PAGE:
My sense, after spending two or three years working on this, is that it’s a much more nuanced situation than the alarmists seem to believe. Brynjolfsson and McAfee, and Martin Ford, and Jaron Lanier have all written about the rapid pace of automation. There are two things to consider: One, the pace is not that fast. Deploying these technologies will take more time than people think. Two, the structure of the workforce may change in ways that means we need more robots than we think we do, and that the robots will have a role to play. The other thing is that the development of the technologies to make these things work is uneven.
Right now, we’re undergoing a rapid acceleration in pattern recognition technologies. Machines, for the first time are learning how to recognize objects; they’re learning how to understand scenes, how to recognize the human voice, how to understand human language. That’s all happening, no question that the advances have been dramatic and it’s largely happened due to this technique called deep learning, which is a modern iteration of the artificial neural nets, which of course have been around since the 1950s and even before.
What hasn’t happened is the other part of the AI problem, which is called cognition. We haven’t made any breakthroughs in planning and thinking, so it’s not clear that you’ll be able to turn these machines loose in the environment to be waiters or flip hamburgers or do all the things that human beings do as quickly as we think. Also, in the United States the manufacturing economy has already left, by and large. Only 9 percent of the workers in the United States are involved in manufacturing.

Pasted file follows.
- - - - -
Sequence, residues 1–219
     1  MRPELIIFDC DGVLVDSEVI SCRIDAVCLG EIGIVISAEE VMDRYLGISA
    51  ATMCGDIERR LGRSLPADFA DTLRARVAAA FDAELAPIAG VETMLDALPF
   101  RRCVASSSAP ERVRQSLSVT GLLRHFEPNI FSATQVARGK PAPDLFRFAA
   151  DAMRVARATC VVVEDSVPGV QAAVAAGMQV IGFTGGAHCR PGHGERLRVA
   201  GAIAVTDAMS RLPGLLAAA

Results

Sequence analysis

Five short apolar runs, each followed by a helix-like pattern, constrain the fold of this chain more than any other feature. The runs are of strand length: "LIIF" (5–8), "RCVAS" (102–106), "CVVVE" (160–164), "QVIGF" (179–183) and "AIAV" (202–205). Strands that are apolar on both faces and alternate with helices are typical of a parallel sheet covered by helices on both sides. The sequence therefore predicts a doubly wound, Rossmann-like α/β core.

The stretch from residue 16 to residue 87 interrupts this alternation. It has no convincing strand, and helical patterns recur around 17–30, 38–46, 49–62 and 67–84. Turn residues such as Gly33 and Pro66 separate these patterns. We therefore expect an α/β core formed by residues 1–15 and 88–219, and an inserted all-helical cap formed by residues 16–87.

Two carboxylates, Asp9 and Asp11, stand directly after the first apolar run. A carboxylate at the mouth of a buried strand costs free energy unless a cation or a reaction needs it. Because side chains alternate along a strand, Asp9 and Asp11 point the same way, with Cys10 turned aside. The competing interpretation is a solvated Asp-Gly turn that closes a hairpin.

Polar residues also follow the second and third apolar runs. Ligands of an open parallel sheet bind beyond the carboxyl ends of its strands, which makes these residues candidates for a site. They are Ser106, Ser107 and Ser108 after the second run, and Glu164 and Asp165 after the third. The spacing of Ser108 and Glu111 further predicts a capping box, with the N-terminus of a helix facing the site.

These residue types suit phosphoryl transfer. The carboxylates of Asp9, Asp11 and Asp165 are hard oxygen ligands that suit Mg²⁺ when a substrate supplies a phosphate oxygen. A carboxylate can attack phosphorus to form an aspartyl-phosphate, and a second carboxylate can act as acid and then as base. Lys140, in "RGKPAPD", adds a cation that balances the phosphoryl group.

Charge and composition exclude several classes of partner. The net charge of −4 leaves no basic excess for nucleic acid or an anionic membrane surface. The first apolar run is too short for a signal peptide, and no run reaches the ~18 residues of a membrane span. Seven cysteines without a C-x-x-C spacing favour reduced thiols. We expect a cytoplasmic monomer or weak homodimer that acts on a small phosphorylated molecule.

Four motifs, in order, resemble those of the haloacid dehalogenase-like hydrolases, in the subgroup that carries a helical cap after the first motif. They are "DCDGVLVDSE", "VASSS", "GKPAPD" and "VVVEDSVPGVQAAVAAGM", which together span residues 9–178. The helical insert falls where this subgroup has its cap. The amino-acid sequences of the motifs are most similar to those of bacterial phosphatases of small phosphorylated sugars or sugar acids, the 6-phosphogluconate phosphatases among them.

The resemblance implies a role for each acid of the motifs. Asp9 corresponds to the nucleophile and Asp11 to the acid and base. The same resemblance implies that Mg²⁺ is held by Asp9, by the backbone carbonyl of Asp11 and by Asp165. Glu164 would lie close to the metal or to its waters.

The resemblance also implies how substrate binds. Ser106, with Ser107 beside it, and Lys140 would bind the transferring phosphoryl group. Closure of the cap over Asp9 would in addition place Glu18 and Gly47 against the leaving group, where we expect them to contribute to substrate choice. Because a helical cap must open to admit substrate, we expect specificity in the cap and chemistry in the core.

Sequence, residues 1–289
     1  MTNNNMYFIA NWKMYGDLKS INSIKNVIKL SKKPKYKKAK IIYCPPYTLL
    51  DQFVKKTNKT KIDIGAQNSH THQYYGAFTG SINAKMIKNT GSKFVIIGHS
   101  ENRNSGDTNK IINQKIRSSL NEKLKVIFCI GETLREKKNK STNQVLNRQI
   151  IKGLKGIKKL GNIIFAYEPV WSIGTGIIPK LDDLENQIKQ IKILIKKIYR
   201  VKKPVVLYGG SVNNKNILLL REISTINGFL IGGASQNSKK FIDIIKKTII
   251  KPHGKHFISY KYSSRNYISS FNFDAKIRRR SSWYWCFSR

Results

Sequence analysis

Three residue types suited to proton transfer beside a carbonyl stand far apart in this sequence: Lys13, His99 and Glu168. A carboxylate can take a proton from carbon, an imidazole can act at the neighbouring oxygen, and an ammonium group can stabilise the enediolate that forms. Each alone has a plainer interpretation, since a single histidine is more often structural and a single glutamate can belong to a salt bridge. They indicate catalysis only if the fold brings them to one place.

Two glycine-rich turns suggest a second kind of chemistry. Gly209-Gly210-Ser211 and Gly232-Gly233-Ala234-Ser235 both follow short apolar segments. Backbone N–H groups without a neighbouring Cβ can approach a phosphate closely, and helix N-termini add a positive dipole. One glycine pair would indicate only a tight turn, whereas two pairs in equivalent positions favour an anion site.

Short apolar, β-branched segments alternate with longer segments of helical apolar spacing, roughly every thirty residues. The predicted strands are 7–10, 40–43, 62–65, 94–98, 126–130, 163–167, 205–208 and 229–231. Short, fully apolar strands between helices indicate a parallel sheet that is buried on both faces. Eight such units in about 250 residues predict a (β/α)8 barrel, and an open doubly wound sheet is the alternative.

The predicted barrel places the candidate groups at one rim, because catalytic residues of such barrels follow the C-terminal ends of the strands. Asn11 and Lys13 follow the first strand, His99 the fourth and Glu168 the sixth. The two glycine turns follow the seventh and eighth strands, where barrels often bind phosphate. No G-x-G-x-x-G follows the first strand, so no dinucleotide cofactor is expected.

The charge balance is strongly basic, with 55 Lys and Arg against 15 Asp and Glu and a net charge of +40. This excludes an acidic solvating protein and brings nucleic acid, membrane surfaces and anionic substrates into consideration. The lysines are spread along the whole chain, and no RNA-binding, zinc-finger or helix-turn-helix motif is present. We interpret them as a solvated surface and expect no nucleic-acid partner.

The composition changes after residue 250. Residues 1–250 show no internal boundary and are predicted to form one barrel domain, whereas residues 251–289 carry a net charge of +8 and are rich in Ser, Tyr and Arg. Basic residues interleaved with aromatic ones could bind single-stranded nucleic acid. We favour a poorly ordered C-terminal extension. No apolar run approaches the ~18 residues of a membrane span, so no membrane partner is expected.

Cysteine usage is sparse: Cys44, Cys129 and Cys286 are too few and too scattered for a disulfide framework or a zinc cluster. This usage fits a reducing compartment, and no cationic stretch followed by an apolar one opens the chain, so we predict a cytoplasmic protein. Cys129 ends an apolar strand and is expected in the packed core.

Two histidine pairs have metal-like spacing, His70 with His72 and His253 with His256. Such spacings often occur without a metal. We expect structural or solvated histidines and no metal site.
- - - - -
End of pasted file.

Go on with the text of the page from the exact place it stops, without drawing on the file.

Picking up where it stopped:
There’s this wonderful counter situation to the popular belief that there will be no jobs. The last time someone wrote about this was in 1995 when a book titled The End of Work predicted this. The decade after that, the US economy grew faster than the population for the next decade. It’s not clear to me at all that things are going to work out the way they felt.
The classic example is that almost everybody cites this apparent juxtaposition of Instagram—thirteen programmers taking out a giant corporation, Kodak, with 140,000 workers. In fact, that’s not what happened at all. For one thing, Kodak wasn’t killed by Instagram. Kodak was a company that put a gun to its head and pulled the trigger multiple times until it was dead. It just made all kinds of strategic blunders. The simplest evidence of that is its competitor, Fuji, which did very well across this chasm of the Internet. The deeper thought is that Instagram, as a new‑age photo sharing system, couldn’t exist until the modern Internet was built, and that probably created somewhere between 2.5 and 5 million jobs, and made them good jobs. The notion that Instagram killed both Kodak and the jobs is just fundamentally wrong…
…What worries me about the future of Silicon Valley, is that one-dimensionality, that it’s not a Renaissance culture, it’s an engineering culture. It’s an engineering culture that believes that it’s revolutionary, but it’s actually not that revolutionary. The Valley has, for a long time, mined a couple of big ideas…
…In fact, things are slowing down. In 2045, it’s going to look more like it looks today than you think.